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Learn More About TMMi.

Updated: Jul 3

By Caroline Julien: Software Quality Assurance (SQA) and Software Maturity Specialist 

Last update: March 14, 2024

In June 2021, my colleague introduced you to TMMi in this article, which remains highly relevant. We learned that TMMi stands for Testing Maturity Model Integration and allows organizations to assess and improve their software testing processes.

Numerous Benefits 

The previous article revealed the results of a survey among companies worldwide using TMMi. To recap, the results showed that 88% of TMMi users reported an improvement in product quality, and 77% commonly observed better testing efficiency. Here are the overall results:

TMMi Maturity Levels 

First, a quick reminder about the maturity levels, of which there are five.


The first is the Initial level; it does not include any maturity objectives. All companies are at least at this level.


At this level, testing can be disorganized and created ad hoc once development is completed. It mainly aims at debugging. Successes in development depend on individuals (often heroes) and are usually non-repeatable from one project to another. Organizations at Maturity Level 1 are characterized by a tendency to overcommit, abandon processes during crises, and an inability to repeat their successes.


The other levels scale the quality processes to be implemented, from Level 2 to Level 5. The latter aims for the continuous improvement of software testing practices for optimal product quality. Each level is the foundation that supports the previous level; therefore, it is impossible to reach a higher maturity level if the objectives of the lower level are not met.


For a description of each level, I invite you to read this other article: The TMMi Maturity Levels

Where to Start 

The approach might interest you, but the apparent heaviness of the process could also discourage you at first glance.


However, companies should know that it is possible to benefit from these improvements without committing to the entire TMMi process when certification is not desired.


It is indeed possible to draw inspiration from TMMi or start by aiming to implement the first maturity level, or even just a few elements of a level, to begin reaping the benefits. Additional objectives or levels can then be targeted, especially as the benefits obtained will strengthen the legitimacy of the approach with the team and various stakeholders.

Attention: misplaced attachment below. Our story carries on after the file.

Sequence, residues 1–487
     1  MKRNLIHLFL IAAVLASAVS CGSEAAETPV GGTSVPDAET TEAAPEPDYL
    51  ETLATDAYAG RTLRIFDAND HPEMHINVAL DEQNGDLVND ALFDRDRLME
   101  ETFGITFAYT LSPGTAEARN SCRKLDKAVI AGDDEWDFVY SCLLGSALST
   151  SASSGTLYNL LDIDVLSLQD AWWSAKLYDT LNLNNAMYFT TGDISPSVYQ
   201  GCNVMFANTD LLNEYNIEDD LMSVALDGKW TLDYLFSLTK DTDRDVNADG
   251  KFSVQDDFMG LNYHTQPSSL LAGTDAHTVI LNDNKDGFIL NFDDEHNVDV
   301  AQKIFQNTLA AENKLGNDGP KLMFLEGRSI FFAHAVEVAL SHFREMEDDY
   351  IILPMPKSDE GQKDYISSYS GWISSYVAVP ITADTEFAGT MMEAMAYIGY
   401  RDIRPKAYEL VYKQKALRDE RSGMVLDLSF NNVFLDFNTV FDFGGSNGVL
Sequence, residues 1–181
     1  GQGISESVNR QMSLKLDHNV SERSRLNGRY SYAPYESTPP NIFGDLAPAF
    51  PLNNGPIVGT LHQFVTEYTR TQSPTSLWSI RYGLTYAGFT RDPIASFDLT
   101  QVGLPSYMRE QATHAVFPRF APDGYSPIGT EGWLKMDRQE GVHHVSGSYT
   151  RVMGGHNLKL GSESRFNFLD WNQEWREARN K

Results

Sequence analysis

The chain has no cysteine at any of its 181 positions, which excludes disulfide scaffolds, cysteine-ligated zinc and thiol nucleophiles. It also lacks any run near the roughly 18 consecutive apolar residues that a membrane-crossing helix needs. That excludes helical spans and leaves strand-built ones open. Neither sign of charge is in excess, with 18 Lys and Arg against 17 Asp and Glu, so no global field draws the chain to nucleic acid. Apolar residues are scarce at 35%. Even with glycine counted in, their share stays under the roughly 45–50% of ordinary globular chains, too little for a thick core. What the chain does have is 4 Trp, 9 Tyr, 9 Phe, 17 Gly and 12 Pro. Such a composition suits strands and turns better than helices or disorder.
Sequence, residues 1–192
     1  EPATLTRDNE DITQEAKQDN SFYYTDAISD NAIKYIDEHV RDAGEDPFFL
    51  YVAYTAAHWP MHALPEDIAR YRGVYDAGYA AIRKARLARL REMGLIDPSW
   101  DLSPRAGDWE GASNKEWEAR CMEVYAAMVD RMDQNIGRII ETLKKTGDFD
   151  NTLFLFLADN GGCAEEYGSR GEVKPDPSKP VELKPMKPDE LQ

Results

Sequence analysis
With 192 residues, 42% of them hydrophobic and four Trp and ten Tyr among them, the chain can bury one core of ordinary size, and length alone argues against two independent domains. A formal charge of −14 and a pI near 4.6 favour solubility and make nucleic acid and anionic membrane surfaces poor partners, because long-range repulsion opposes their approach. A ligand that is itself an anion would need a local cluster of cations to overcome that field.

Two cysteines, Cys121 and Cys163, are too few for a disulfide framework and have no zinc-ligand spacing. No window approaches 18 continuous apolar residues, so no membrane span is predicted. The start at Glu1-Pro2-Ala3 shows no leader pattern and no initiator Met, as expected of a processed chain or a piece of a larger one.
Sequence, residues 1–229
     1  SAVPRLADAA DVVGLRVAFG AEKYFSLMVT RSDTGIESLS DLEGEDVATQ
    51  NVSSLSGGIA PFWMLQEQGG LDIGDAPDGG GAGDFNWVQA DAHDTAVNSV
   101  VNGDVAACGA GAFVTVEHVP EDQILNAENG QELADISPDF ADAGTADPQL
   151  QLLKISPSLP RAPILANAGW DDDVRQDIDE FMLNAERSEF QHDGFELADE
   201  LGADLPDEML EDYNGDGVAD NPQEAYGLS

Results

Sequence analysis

Moreover, some might fear that the model does not blend well with the agility model already in place in their company. They can be reassured; TMMi can indeed be adapted to be compatible with Agile methods. The training for future TMMi assessors includes an entire section on using TMMi in an Agile context.


For more information on integrating TMMi with agility, I recommend this article: TMMi and Agility


To get started gradually, two types of assessments could be carried out quickly, at low cost and in a short time, to get an idea of the current maturity level of a project's or an organization’s processes and to highlight areas for improvement.

Lightning Scan 

The "Lightning Scan" is a quick test, conducted in an Excel format, that allows for a self-assessment of one's own maturity level.


The "Lightning Scan" includes five questions per process area for TMMi Levels 2 and 3. Although simple and quickly executable, this type of assessment can be very interesting as it allows one to get acquainted with TMMi and understand its elements and functioning more concretely. It also helps raise interest within the team and stakeholders and potentially spark interest in pursuing the process to a more advanced stage.

Quick Scan 

The "Quick Scan" is another type of quick assessment that not only evaluates the maturity level, strengths, and weaknesses of all test processes but also provides recommendations for improving them, thus progressing in maturity. Again, this is a self-assessment but guided by a certified TMMi assessor.


Each objective of each process area is evaluated on a scale of 0 to 10 according to three different dimensions, ranging from the ability and willingness to make a change to the added value in the company resulting from the implementation of this element. Following this assessment, the recommendations can be used to plan and implement initial improvements; it is suggested to start with the quickest and easiest to implement: the most "rewarding" in terms of added value.


If the result suggests that a maturity level has been reached, the decision to proceed to a more complete and formal assessment can then be made.

Informal and Formal Assessments 

Maturity assessments, whether informal or formal, determine the degree of maturity by analyzing the level of implementation of each practice that supports the objectives defined for each maturity level.


More rigorous, the formal assessment requires interviews, and document analysis by several assessors, including at least one lead assessor, and is necessary to obtain an official TMMi certification.



We have thus seen that TMMi, whether used in whole or in part, can be an invaluable support for organizations wishing to improve their testing processes.


Zentelia's specialists draw inspiration from TMMi in their various assignments. They can support organizations that would like to carry out one of the TMMi assessment types to know their maturity level and obtain improvement suggestions. In any case, they will support any organization seeking to improve.


Ready to dive in or just dip a big toe? Want support in doing so? Feel free to contact us. We will be happy to help you advance your processes toward maturity!


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